A local Masonic group secured space for the couple to live at a local temple because they were unable to obtain housing on campus. Tragically, Cora Mae’s marriage to Jack was brief. Jack, a member of ISC’s varsity football team, died on 8 October 1923, from injuries sustained in an away game against the University of Minnesota in Minneapolis. Cora Mae later remembered Jack’s return to campus, injured, after the game, and how Jack’s fraternity brother Harold Tutt came to find her and delivered the message that she was to go to the campus hospital. There, she found her husband on the edge of death. As Cora Mae recalled, “I said, ‘Hello, Darling.’ He looked at me but never spoke. I remember hearing the Campanile chime 3 o’clock. That was October 8th, 1923, and he was gone” (Greene, 1988).

Following Jack’s memorial service on campus, Cora Mae and Jack’s mother, Anna, traveled with a funeral party, including Harold Tutt, back to Ohio to bury Jack in Hiram. By 1924, Cora Mae had moved back in with her mother and stepfather in Youngstown, OH. She had left ISC without her bachelor’s degree, though she did return to Ames and is listed in the 1925 Iowa State Census as residing with the Edwin Gater family, one of the first African American families in Ames and the family who had hosted the Ames Black community’s memorial service for Jack on 21 October 1923 (“Tribute Is Paid,” 1923).

Cora Mae married Homer Lee Greene on 24 November 1926. The couple had two daughters and a son, and Cora Mae kept house for her family.

Cora Mae Starland Trice Greene later lived in Los Angeles, California, before returning to Youngstown, Ohio, her old age. She died of a stroke on 26 December 1993 at the age of 86 (or older), leaving behind Mrs. Betty Armstrong of Youngstown, Mrs. Peggy Thomas of Pomona, California, and Homer Lee Greene, Jr., of Girard, Ohio. She had five grandchildren, seven great-grandchildren and a great-great-grandchild at the time of her passing. She is interred in the Pomona Valley Memorial Park, Pomona, CA, with her husband Homer (Find a Grave, 2016).


Photo credit: Cora Mae Starland. (1919). Private Collection of Leigh A. Greene, Courtesy of Ames History Museum.

Find a Grave, database and images. (2016, Nov. 9). Memorial page for Cora Mae Starlard Greene (19 Feb 1907–26 Dec 1993), Find a Grave Memorial ID 172487252. Retrieved from https://www.findagrave.com/memorial/172487252/cora-mae-greene. Maintained by Will Carrick (contributor 47399798).

Gelber, Jonathan. (1922). The idealist: Jack Trice and the battle for a forgotten football legacy. Triumph Books.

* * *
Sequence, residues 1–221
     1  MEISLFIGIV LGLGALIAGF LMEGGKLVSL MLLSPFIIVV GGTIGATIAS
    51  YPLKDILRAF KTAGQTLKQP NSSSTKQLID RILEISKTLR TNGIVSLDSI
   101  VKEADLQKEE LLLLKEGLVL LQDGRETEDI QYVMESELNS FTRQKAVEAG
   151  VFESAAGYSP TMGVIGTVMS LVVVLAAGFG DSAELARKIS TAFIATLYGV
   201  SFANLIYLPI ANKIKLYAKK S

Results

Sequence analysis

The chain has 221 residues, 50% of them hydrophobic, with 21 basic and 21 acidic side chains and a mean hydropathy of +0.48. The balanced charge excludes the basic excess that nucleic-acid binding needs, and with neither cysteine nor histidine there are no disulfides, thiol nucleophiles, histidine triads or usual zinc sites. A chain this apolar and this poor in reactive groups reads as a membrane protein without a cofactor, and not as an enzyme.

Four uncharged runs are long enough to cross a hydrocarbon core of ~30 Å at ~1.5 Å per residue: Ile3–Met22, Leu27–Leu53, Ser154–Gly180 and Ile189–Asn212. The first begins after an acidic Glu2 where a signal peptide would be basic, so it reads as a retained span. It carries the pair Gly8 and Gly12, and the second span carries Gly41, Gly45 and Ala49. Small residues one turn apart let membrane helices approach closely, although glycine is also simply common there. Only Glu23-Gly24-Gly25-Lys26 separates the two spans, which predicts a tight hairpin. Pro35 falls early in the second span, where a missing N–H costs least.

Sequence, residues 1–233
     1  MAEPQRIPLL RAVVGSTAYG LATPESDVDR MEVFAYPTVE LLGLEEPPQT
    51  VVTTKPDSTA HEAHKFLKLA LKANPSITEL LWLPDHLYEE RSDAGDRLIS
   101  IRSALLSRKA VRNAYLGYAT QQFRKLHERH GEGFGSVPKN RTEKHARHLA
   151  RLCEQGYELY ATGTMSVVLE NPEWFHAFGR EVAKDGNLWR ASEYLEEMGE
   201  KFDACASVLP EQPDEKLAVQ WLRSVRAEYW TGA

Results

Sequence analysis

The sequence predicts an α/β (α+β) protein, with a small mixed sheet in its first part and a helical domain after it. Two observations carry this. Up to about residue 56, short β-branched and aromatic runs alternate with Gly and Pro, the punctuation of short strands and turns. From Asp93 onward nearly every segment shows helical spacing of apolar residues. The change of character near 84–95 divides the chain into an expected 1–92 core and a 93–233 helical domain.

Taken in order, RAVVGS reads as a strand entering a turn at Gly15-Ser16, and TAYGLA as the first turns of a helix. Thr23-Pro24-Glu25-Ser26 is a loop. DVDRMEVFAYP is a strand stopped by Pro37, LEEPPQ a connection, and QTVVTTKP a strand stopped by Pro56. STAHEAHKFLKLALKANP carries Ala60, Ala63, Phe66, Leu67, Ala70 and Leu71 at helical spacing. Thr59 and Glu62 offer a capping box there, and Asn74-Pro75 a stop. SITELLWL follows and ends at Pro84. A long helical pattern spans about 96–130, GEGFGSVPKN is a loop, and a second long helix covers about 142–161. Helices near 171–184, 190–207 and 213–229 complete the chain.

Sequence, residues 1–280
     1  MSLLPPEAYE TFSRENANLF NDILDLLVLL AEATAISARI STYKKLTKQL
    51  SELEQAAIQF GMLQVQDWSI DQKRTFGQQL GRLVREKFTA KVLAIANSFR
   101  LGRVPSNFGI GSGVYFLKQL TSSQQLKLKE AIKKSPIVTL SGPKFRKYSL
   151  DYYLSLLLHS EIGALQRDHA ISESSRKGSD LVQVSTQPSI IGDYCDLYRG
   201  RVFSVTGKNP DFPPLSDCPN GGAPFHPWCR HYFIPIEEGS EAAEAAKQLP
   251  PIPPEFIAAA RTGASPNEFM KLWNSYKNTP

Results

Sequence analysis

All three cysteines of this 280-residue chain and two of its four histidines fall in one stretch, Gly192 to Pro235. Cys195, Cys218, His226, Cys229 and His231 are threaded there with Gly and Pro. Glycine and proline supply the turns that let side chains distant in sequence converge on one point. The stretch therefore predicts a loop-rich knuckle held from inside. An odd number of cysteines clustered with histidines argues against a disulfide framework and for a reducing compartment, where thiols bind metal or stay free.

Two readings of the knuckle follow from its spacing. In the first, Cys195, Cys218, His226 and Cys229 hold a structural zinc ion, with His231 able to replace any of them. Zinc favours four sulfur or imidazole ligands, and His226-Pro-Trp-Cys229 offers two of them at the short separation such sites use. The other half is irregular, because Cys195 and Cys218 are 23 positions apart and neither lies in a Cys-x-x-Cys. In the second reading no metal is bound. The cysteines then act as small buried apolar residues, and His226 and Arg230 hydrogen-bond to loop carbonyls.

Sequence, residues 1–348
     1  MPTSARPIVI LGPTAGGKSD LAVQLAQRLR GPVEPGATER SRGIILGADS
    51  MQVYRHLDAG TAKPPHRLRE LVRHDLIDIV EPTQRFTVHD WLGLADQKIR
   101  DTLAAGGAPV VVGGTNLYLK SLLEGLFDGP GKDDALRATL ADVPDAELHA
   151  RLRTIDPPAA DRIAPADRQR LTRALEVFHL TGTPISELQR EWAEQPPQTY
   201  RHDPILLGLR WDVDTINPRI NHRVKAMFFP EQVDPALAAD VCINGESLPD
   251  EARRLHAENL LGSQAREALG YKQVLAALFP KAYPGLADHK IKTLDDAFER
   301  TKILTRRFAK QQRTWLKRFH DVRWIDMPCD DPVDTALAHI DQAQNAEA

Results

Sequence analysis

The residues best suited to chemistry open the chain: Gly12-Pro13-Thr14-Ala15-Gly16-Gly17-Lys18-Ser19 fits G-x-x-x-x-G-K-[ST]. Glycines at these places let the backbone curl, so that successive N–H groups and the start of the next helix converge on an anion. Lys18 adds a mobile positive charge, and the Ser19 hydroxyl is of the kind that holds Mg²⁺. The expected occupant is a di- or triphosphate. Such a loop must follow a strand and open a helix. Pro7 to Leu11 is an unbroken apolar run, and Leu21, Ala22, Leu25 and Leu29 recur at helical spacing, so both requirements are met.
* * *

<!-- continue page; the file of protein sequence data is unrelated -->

Greene, Cora Mae Starland Trice. (1988). Cora Mae Trice Greene letter to David Lendt, August 3, 1988, p. 4. Iowa State University Library Digital Collections. Retrieved from https://n2t.net/ark:/87292/w9dc8v

Tribute is paid to late football star: Negroes honor dead in fitting memorial service. (1923, Oct. 22). The Ames Daily Tribune and Ames Evening Times, p. 1. Newspaper Archive. Retrieved from https://newspaperarchive.com/ames-daily-tribune-and-ames-evening-times-oct-22-1923-p-1/

Cain, William Milton “Bill” (B.S., Horticulture, 1917)

Headshot of William Milton "Bill" Cain

William Milton Cain was born, in Waco, Texas, on 17 January 1895, the eldest of five children born to William D. Cain, a postal clerk, and his wife, Mary A. Blocker Cain. William the elder, an influential individual in the Waco Black community, later had the local NAACP Chapter named in his honor for his advocacy on behalf of African Americans in Waco and throughout Texas (Duncan, 2013). The younger William studied Horticulture at Iowa State College, where he lived at the Sigma Nu Fraternity house at 905 Douglas Avenue in Fall 1913, possibly working there as a waiter as Frederick Patterson’s experience suggests was a common employment for cash-strapped Black students at ISC (Patterson, 1991). From spring 1914 until his graduation in 1917, he resided at 1008 Burnett Avenue, the home of local Ames lawyer Chaucer Gory (C. G.) Lee and his wife Emma McCarthy Lee. While at ISC, Bill participated in the Horticultural Club and the ISC Cadet Corps, which he noted when he registered for the World War I Draft in Waco, Texas. According to Frederick Patterson, many male Black students stayed the full four years in the Cadet Corps to receive the subsidy to pay for their education at the school as Patterson did, and as one assumes, Cain did also (Patterson, 1991).

As a member of the Horticultural Club, Cain was on the Apple Judging Team. His membership was the focus of a racist incident during the interstate-judging competition in 1916, when students from Iowa, Nebraska, and Missouri competed at the state capitol (“Ames Team Wins,” 1916). The team from Missouri refused to compete against a Black student when they learned about Cain’s membership on the Ames team. Initially, the judges from the state horticultural society, the competition’s hosts, asked Cain to leave the team, which would have allowed Missouri to compete. It’s unclear what transpired after that decision, but the society changed its ruling in time for Cain to compete. Missouri withdrew from the competition and Iowa State went on to win (“Ames Team Wins,” 1916).